Once a Dream, Now Ubiquitous

Or getting a WiFi connection.

When I was still at junior school at less than 10 years old, we got our first home computer. It was a ZX81. With 1Kb of RAM, adverts at the time of initial launch in 1981 said it could run a nuclear power station. Since installing a WiFi card in our Freebox – an ADSL box which brings TV, Internet, and a cheap phone line on which I can call fixed lines for free – I can sit anywhere in my flat and be connected to the Internet sending email to friends around the world.

Following the ZX81 we had a BBC Model B, a ZX Spectrum, a Commodore 64, and then an Atari ST. Our first PC was an 8086 with just 128Kb of RAM and a single 5.25″ disk drive with 320Kb storage. Each new stage was a leap forward for home computing, but most of it (until I started programming on the PC and the Atari ST) was for games.

As I look at Nathan at just 5 months old, I imagine how old he’ll think I am. His first memories of computing will be several gigabytes of storage in your pocket on which you can watch video and that you plug headphones into. Those little gadgets have more power than that which Sinclair marketing touted in 1981 as being enough to run a nuclear power station.

Everything will be on DVD (blu-ray, probably) and cassettes and vinyl will be museum material. Computing is gradually making its way into our daily lives, whether we like it or not. Maybe we don’t have wearable computers (yet the iPod is a fashion accessory) but many of our cats and dogs have an RFID tag implant to identify them.

Once I used to dream of having a powerful computer. Now I have more computing power in my pocket than my dream computer of some 15 years ago. I used to send 3.5″ disks by post to other people in England. Now I can transfer the equivalent of 100 of those disks in about an hour, to anywhere in the world, from outside on my balcony.

6 Responses to “Once a Dream, Now Ubiquitous”

  1. carrster Says:

    Amazing huh? Those huge computers that used to take up rooms now are just tiny little things and we can easily upload, download, send, receive, explore, dream, create – in a flash! Of course, I can’t get Apple to tell me what DVD burner will go with my old software but hey, that would mean actually getting to talk to a PERSON. *sigh*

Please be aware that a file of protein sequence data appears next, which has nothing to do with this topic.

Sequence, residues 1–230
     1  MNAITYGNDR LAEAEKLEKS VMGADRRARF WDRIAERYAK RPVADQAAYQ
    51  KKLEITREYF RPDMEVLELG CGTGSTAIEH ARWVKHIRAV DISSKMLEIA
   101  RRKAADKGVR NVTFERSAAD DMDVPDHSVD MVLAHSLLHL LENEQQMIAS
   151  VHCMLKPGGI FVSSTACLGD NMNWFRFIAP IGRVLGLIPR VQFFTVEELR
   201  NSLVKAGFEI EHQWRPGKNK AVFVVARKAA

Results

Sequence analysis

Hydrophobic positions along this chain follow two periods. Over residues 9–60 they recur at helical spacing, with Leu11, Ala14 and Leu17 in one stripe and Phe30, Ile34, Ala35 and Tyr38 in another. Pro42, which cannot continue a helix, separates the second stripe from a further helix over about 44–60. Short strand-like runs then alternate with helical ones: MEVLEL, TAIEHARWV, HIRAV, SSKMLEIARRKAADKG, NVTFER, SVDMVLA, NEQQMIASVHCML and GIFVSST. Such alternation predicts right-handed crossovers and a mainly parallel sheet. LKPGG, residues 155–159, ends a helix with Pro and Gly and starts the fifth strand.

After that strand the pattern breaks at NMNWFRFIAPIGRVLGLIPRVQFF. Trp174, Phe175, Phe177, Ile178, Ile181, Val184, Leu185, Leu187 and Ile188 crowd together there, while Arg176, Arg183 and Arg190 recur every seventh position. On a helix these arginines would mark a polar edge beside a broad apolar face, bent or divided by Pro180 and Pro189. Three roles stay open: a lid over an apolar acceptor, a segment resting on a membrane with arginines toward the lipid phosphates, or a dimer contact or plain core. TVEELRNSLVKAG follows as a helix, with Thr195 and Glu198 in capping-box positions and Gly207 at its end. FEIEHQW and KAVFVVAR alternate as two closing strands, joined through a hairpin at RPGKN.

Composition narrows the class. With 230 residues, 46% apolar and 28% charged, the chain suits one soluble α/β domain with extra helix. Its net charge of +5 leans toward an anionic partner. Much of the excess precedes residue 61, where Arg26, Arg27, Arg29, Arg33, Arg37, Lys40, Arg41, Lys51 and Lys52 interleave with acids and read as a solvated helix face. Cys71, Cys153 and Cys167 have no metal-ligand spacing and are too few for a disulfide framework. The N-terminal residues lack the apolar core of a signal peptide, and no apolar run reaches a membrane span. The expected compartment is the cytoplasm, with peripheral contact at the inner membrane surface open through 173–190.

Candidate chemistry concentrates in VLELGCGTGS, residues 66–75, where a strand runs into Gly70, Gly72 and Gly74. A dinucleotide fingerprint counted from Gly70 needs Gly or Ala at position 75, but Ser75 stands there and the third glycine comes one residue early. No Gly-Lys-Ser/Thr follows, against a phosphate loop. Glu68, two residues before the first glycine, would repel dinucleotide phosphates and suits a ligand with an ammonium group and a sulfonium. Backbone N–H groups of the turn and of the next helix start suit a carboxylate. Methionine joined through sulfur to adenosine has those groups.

2. David Says:

    By your computer I can tell that you are significantly younger than I am (a hint of envy!).

  3. Fella Says:

    Ah I remember the days when we used to play football manager on the BBC and had to wait for each weeks’ games to load up on the 3.5….the time to make a cup of tea and have a biscuit before seeing where the team was in the league. With all the processing power these days we must be drinking less tea : I wonder if the UK tea industry has suffered…??

  4. Simon Says:

    Carrster,

    I remember my Dad working in computer rooms where the room was the computer.

    For your DVD burner, old software should still work with a new burner – the interface to the burner should be standardised by the new drivers.

    -Fruey

  5. Simon Says:

    David,

    You’re only as old as you feel (and certainly not as old as your first computer) :-D.

    -Fruey

  6. Simon Says:

    Fella,

    Football manager was a legend. I had it on the ZX81 (with 16K RAM extension) and you had time to have a cup of tea after a match waiting for the league table to calculate. You could save to tape and had to hope it would reload. There was nothing but a flicker every few seconds to animate the realtime match updates – but we were glued to the little black and white screen.

    We also had Football Manager on the ZX Spectrum and the BBC, both added match “highlights” where little stick men would flash around the screen and shoot. There were only about 8 “action scenes” so after a while you knew as soon as the screen appeared whether there would be a goal or not. We were still waiting with baited breath though.

    The Commodore 64 had an American Football management game we played – Head Coach. That taught us some of the basic rules of gridiron. As for the Atari ST, it was FIFA 1990 we played, 4 people crowded around two joysticks playing real football action. However the better football sim was called Kick Off which even has a Wikipedia page dedicated to it.

    -Fruey